Former Malaysian policeman Sirul Azhar Umar has made startling revelations regarding the murder of Mongolian model Altantuya Shaariibuu, claiming he received RM1 million (S$286,500) in hush money during his detention in Australia.
In an exclusive interview with Al Jazeera’s 101 East program, Sirul revealed that the payment, facilitated by a prominent politically connected lawyer and a high-ranking Cabinet member, was to ensure his silence regarding the murder case.
Insisting on his innocence, Sirul labeled himself a pawn in a political maneuver and emphasized his non-involvement in Altantuya’s tragic demise, despite being convicted of the crime.
While refraining from divulging the identity of the mastermind behind Altantuya’s murder, Sirul asserted that a top politician had given the directive.
“For many years, people in my country have been waiting to know who gave the order to kill Altantuya, but I cannot reveal that,” he said.
Concerned for his safety, Sirul expressed reluctance to return to Malaysia, citing a desire to establish a secure life for himself and his child in Australia. Pleading for a second chance and acceptance within the Australian community, he conveyed his affection for the country.
“I feel danger to return (to Malaysia) as I feel it’s unsafe and want to build a life with my child here in Australia.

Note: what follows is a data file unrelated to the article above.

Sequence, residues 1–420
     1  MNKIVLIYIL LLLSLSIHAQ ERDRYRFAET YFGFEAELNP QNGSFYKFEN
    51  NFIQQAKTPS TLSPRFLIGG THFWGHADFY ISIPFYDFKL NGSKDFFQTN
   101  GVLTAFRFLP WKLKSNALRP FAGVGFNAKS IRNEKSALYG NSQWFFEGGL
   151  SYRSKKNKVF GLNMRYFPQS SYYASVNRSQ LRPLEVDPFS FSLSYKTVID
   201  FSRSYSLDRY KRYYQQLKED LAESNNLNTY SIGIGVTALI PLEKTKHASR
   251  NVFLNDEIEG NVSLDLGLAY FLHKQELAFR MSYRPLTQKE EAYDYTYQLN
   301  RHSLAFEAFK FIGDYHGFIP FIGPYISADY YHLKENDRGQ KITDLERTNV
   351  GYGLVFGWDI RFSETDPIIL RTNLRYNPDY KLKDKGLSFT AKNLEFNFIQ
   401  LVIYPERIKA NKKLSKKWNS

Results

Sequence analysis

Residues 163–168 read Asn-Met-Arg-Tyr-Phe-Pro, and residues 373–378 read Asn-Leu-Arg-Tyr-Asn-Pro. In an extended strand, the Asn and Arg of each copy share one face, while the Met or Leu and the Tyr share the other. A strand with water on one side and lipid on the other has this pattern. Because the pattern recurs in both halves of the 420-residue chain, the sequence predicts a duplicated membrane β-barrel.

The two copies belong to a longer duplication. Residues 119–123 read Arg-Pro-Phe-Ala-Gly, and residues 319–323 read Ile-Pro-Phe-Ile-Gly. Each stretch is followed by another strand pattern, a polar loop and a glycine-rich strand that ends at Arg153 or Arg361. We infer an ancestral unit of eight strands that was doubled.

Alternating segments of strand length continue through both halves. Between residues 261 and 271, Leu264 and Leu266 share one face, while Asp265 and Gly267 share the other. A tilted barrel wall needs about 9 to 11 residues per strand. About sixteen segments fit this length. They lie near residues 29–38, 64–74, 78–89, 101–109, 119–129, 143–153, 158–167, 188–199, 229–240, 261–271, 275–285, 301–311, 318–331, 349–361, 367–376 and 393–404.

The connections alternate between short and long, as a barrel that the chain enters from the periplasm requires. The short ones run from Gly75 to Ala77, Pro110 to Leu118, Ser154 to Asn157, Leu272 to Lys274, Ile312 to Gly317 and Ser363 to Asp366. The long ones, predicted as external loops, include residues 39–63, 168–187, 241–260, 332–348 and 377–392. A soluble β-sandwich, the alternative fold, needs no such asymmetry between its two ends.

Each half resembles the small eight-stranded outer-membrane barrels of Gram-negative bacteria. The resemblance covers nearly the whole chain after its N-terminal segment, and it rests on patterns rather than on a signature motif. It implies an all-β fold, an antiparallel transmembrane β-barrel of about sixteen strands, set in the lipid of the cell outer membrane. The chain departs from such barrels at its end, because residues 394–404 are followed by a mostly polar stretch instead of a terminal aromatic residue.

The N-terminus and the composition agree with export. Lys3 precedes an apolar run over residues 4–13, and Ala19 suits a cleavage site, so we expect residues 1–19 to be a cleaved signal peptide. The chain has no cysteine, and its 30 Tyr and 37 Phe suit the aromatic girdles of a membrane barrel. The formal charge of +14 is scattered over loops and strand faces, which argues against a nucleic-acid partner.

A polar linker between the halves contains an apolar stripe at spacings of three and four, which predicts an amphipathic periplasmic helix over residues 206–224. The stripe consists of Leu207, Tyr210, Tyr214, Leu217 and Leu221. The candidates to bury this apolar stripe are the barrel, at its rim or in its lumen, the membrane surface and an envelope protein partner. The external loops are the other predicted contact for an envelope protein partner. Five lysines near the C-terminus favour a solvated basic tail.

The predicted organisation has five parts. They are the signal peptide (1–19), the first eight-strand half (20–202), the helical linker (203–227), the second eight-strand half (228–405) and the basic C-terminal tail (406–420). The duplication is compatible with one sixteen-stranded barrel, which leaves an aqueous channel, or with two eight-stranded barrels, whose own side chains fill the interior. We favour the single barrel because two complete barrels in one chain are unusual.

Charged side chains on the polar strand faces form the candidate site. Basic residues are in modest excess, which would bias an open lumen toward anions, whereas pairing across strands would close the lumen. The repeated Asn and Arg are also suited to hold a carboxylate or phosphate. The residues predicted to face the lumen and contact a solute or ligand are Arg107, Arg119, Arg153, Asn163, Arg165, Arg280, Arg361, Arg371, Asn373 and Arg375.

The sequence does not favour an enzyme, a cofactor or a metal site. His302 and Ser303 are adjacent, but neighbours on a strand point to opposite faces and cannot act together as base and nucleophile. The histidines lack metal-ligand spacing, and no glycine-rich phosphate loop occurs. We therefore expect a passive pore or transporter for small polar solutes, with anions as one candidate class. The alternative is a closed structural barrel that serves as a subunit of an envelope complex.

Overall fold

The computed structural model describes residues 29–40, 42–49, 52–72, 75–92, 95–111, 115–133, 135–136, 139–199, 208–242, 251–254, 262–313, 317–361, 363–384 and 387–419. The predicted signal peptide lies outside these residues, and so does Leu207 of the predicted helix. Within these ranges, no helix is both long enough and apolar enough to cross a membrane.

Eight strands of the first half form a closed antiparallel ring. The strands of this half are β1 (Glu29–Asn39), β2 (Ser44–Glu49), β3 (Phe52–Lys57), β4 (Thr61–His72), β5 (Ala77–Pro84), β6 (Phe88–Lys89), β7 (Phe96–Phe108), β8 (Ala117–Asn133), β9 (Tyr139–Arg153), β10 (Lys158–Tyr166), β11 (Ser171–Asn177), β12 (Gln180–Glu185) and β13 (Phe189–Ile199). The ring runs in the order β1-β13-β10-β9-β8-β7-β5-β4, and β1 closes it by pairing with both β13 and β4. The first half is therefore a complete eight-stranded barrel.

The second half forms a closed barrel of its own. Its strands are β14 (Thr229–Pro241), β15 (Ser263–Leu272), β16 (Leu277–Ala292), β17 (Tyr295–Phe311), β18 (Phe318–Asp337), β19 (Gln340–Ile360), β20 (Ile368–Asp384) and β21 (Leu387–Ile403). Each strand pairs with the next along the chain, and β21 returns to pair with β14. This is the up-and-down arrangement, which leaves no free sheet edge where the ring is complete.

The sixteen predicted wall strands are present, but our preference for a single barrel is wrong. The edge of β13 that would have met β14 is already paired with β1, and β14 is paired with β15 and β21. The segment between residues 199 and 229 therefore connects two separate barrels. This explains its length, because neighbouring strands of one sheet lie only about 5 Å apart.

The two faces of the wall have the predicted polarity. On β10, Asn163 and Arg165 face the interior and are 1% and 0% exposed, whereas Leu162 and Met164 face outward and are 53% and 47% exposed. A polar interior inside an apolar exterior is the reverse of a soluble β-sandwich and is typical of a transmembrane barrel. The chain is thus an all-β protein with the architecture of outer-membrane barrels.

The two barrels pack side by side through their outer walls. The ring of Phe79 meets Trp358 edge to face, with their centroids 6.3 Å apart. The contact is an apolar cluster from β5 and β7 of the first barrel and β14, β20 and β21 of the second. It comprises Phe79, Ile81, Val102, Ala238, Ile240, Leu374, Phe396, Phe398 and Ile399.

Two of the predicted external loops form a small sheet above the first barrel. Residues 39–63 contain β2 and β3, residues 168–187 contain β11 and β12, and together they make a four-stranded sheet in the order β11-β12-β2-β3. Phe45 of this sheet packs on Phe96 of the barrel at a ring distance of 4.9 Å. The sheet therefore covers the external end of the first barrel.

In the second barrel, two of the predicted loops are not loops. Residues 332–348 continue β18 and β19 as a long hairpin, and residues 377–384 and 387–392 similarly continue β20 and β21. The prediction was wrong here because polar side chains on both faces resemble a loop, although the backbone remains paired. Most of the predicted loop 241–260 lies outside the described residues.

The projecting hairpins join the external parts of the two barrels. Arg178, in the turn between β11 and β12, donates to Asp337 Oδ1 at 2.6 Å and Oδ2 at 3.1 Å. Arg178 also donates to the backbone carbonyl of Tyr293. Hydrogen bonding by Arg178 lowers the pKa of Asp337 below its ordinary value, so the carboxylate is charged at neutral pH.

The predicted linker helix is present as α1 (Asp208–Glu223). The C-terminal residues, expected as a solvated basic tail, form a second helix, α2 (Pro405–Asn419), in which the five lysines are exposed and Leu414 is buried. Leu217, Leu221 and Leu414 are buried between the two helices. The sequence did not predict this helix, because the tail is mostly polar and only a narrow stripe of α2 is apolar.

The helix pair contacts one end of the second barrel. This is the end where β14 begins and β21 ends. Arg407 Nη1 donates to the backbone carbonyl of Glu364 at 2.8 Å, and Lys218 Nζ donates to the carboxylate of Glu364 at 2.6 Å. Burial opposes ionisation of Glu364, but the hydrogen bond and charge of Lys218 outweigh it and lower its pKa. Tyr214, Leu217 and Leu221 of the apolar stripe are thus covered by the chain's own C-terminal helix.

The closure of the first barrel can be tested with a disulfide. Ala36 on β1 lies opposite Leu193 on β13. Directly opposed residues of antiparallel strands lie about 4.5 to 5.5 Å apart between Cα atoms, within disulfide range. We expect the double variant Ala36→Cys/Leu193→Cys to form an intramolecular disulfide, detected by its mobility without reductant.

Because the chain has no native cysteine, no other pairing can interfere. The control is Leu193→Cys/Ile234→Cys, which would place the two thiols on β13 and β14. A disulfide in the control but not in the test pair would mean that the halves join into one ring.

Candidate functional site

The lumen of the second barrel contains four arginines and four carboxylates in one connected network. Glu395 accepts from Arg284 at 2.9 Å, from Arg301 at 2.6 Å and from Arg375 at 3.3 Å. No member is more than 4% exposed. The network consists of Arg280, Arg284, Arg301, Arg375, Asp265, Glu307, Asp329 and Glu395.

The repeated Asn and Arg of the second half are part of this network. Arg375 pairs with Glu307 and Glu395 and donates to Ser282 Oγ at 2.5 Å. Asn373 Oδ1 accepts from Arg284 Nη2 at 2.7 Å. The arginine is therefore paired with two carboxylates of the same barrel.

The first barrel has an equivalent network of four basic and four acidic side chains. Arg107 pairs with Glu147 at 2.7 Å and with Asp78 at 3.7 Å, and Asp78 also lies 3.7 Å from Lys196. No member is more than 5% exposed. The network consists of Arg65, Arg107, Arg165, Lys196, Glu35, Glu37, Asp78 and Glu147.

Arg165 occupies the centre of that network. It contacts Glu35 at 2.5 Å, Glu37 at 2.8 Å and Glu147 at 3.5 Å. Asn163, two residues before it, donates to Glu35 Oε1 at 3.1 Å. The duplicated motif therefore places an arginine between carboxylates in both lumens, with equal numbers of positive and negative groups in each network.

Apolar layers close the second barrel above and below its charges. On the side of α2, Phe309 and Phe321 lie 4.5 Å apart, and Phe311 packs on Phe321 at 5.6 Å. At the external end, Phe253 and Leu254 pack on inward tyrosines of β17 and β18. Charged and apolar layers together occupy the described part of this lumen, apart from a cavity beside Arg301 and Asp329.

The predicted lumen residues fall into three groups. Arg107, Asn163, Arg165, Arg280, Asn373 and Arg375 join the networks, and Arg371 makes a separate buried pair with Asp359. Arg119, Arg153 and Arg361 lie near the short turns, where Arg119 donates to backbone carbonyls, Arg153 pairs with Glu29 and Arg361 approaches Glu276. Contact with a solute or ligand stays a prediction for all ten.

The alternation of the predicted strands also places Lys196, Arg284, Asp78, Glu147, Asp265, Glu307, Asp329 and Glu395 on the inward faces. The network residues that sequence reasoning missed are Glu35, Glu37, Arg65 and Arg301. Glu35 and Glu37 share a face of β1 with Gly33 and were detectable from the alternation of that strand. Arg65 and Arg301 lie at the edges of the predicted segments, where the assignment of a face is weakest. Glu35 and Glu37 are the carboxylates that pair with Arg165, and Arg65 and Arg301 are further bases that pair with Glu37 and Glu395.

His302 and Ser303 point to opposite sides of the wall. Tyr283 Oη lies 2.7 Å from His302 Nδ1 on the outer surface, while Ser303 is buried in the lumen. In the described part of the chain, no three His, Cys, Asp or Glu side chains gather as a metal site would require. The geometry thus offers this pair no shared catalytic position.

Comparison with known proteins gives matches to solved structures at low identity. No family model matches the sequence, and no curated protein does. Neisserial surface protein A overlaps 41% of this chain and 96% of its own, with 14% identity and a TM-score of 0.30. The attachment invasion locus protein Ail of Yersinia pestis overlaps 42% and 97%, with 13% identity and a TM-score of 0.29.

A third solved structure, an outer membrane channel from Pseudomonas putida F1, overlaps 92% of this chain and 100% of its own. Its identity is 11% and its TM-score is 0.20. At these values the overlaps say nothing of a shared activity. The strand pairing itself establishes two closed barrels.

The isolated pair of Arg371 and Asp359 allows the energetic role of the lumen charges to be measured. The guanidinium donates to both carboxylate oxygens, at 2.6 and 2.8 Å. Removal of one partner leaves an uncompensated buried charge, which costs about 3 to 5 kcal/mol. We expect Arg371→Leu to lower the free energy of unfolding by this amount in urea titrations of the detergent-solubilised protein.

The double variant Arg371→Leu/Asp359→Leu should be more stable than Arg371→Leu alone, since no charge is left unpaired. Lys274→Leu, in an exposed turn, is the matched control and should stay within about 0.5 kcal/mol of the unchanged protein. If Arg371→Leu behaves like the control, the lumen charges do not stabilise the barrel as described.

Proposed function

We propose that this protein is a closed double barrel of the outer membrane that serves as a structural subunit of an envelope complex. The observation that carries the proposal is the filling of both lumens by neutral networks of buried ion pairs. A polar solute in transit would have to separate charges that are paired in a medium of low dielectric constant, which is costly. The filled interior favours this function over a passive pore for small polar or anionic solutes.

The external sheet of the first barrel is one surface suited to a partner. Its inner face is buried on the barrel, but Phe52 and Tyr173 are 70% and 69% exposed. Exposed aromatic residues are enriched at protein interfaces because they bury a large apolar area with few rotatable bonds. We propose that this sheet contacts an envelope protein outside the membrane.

“I love Australia and urge the community here to give me a second chance and accept us,” he added.
Acknowledging his association with a well-connected figure linked to Altantuya, Sirul extended an apology to her family, seeking their forgiveness.
Altantuya was abducted and killed in Shah Alam in 2006, her remains destroyed with military-grade explosives. Sirul, alongside Azilah Hadri, former bodyguards of ex-Prime Minister Najib Razak, was convicted of the murder in 2009. However, the Court of Appeal overturned their conviction in 2013, leading to their release.
Following the prosecution’s appeal, Sirul fled to Australia, where the Federal Court upheld the conviction and reinstated the death penalty. Abdul Razak Baginda, a former political analyst charged in connection with the case, was acquitted in 2008 due to insufficient evidence.
Sirul’s arrest by Australian immigration authorities in 2015 did not result in deportation due to Australia’s policy against extraditing individuals facing the death penalty.
A ruling by the Australian High Court on November 8, 2022, deemed indefinite immigration detention unlawful, although provisions for appropriate visa conditions to protect the local community remained.
Recently, on December 16, 2022, the High Court ordered Sirul, Azilah, Abdul Razak, and the Malaysian government to collectively pay RM5 million in damages to Altantuya’s family following a lawsuit.
The case continues to unfold, shedding light on the complexities and ongoing developments surrounding Altantuya’s tragic death.
Watch the full interview here.